NEWSOM: We need the federal government to do its job. This is on everybody. We've chosen this. This is our decision to live in these conditions. It doesn't exist anywhere else in the world, so we've chosen this, we've accepted this.


BLACKWELL: He says the federal government needs to do its job. What do you think that job is and could there have been legislation or is there legislation that could make these shootings, what we know about them, less likely to happen again?

CHU: Well, he is so correct. We need federal legislation, because there's nothing to prevent somebody from buying an illegal gun in Nevada and then crossing the line to California. And so it is important to have these laws across all these different states.

And we did pass the bipartisan gun safety law last year. It was a step forward and required such things as enhanced background checks for people under 21 who are trying to buy guns, amongst other things.

So that is good, but in terms of these mass shootings, one thing we need to do is to ban these high capacity magazines. That high capacity magazine is what killed so many people all at one time ...


CHU: ... at that spa, at that dancing spa.

BLACKWELL: Yes. And we've seen, of course, these high capacity magazines in, unfortunately, so many mass shootings across this country. You've served on House Budget Committee Ways and Means as well, let me ask you quickly about the debt limit. We hit it last week, default could come in a couple of months.

Democrats want to clean bill, Republicans demand some cuts. There is an option of what's called the discharge petition. Democrats would need just a handful of Republicans to vote with them. They could pass legislation without the approval of the speaker, of the GOP leadership, should you take that route and do you think you can get five House Republicans who could defy Republican leadership to raise that limit?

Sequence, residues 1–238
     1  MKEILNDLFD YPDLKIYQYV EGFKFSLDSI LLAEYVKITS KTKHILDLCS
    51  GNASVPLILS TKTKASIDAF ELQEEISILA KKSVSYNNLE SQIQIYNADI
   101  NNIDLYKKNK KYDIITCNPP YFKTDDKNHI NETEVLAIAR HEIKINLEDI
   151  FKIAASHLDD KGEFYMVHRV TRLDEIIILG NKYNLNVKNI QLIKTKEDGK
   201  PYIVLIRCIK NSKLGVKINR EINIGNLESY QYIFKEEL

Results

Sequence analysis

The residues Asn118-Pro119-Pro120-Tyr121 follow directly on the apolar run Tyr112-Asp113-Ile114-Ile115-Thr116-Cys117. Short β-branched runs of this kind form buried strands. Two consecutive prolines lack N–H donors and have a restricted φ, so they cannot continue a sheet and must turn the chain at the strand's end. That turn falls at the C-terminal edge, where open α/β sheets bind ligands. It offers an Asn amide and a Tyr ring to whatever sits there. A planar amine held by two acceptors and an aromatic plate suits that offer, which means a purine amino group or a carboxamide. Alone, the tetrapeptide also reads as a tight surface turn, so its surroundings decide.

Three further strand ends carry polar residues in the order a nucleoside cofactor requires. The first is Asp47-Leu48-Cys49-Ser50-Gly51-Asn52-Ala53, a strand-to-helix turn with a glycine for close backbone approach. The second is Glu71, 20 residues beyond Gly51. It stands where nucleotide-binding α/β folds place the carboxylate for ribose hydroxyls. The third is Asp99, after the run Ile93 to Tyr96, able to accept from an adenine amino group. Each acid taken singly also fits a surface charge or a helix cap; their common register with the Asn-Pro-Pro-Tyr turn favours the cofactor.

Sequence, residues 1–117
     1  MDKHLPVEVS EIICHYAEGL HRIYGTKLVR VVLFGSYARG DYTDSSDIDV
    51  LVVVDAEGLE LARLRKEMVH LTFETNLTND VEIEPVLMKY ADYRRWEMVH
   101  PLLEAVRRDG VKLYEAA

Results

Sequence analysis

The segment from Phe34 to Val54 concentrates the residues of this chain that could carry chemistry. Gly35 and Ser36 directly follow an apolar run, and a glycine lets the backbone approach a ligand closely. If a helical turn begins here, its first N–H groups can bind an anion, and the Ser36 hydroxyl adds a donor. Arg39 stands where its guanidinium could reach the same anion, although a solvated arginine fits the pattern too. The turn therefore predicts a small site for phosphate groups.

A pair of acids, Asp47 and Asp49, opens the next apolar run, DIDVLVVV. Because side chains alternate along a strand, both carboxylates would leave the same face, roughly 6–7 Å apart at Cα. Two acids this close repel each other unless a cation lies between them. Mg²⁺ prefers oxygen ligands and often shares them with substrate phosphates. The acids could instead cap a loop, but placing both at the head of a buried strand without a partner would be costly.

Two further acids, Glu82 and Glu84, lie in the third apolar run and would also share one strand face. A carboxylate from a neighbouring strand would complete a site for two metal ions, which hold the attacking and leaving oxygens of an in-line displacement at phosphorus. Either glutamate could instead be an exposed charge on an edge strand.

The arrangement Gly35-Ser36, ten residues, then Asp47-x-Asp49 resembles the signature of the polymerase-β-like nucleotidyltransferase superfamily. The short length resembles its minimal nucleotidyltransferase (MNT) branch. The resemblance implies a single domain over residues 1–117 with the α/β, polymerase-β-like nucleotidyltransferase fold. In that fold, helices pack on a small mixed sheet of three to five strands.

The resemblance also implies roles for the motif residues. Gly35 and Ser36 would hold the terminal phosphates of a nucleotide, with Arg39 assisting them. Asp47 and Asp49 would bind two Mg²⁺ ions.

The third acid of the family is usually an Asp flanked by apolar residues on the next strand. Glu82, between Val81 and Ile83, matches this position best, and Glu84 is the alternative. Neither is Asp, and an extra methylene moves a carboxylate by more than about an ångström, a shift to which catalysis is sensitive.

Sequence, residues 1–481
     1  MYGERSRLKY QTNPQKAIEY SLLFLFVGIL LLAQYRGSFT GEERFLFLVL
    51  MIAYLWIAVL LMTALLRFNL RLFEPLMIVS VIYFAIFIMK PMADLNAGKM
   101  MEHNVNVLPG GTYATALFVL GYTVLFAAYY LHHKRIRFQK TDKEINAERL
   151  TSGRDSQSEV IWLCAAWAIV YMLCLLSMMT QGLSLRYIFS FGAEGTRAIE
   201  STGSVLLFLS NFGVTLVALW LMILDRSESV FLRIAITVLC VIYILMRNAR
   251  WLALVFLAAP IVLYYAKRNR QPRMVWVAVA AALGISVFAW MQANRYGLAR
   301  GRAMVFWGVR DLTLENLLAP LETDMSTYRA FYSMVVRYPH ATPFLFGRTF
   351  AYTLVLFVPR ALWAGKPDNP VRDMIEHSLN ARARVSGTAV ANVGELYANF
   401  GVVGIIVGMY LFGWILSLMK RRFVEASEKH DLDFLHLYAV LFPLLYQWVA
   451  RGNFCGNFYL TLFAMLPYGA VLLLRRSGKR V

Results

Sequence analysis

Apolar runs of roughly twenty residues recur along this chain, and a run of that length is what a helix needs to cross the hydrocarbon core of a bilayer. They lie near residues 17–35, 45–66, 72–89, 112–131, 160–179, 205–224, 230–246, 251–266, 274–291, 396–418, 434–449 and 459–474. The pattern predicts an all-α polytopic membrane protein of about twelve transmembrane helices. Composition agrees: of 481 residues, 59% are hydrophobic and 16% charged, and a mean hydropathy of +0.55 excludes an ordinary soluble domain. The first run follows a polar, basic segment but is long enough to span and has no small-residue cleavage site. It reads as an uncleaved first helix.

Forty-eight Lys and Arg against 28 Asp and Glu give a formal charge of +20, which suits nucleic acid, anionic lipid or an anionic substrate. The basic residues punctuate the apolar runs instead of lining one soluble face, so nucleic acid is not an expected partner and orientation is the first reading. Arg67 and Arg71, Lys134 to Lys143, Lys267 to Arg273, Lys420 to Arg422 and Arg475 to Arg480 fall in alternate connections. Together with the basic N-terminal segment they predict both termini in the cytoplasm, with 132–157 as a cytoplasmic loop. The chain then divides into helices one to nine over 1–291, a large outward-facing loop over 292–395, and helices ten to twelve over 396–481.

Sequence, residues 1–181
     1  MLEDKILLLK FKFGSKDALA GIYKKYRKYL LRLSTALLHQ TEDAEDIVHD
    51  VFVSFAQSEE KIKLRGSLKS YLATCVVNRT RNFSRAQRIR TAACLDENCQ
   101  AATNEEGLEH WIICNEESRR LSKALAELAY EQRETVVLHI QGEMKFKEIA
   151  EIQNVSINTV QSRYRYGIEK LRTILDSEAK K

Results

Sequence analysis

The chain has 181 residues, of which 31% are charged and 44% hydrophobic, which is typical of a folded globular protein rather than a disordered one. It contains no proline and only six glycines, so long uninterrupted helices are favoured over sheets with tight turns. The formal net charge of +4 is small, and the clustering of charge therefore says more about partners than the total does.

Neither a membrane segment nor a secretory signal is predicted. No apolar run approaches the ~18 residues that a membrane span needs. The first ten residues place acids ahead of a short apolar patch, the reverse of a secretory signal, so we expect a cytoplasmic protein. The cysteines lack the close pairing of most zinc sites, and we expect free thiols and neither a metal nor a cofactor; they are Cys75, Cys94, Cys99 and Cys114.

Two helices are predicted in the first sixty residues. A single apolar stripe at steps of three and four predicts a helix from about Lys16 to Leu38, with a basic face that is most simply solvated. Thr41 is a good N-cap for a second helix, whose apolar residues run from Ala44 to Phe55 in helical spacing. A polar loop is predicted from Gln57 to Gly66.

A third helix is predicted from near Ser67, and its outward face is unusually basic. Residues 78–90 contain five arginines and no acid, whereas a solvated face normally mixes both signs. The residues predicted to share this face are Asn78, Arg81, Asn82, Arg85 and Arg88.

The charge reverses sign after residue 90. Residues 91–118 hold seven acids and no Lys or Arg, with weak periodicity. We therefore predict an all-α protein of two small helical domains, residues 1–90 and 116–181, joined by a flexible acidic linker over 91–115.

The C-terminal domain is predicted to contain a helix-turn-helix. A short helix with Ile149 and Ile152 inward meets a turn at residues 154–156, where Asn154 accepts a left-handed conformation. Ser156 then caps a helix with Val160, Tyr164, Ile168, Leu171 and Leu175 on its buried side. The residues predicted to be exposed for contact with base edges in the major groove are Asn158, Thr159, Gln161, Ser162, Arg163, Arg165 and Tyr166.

CHU: Well, it is an intriguing idea. And I would certainly rather try something like that than default on all the bills. Remember, the debt ceiling only allocates monies to pay the bills that already outstanding. It doesn't create any new spending, so there shouldn't even be a discussion about this. And if we default, that would be devastating to the economy around the world. So if the discharge petition is the route, then I would certainly support it. I actually think that there are Republicans who are concerned about the economic safety of America and I - but I don't know if they would sign the discharge petition. I certainly hope so - I hope - I certainly hope that it would be in their conscience to do such a thing.

BLACKWELL: Congresswoman Judy Chu, thank you for your time.

CAMEROTA: More classified documents were found where they should not be this time, as you know, inside former Vice President Mike Pence's home. How the Justice Department is responding.

BLACKWELL: At any moment now, the opening statements in the Alex Murdaugh double murder trial will start. We'll get you right there to South Carolina in the courtroom when they begin, stay with us.



CAMEROTA: Opening statements expected to begin any moment in the double murder trial of Alex Murdaugh. This is a case that has drawn international attention. Prosecutors alleged the disgraced former lawyer shot and killed his wife and 22-year-old son in an attempt to cover up insurance fraud.

BLACKWELL: Alex Murdaugh denies he was involved in their deaths. He's pleaded not guilty to the charges.

CNN's Dianne Gallagher is live in Walterboro, South Carolina, also with us, defense attorney Misty Marris.

All right. So we're waiting for these opening statements to begin, Dianne, set the table.

DIANNE GALLAGHER, CNN NATIONAL CORRESPONDENT: So look, this has moved a lot quicker than most of us initially thought it would. Part of the reason being that literally everybody in the low country of South Carolina and really around the nation at this point has been captivated by all the twists and the turns and the allegations that have surrounded Alex Murdaugh.

Now, the trial that will begin today with opening statements, any minute now, is of course for the murder of his wife, Maggie, and his son, Paul, back in June of 2021. The state says that Alex Murdaugh killed his wife and his son on that night as a way to distract from a long-standing scheme he had of stealing, they say from clients, and he owed money and was afraid he was going to get found out and so he was trying to do this as a way to distract and gain sympathy.

I will tell you through the pretrial motions, the defense has says that is ridiculous and they believe that the state has no evidence to prove this whatsoever. They have said and Alex Murdaugh has maintained that he is innocent in the killings of his wife and his son. I will tell you just a few moments ago right before three o'clock, we saw the Murdaugh's only surviving son, Buster, come into the courthouse. This is the first time that I have seen Buster at any of his father's court proceedings, since he was initially charged here. He came in with Alex Murdaugh's younger brother.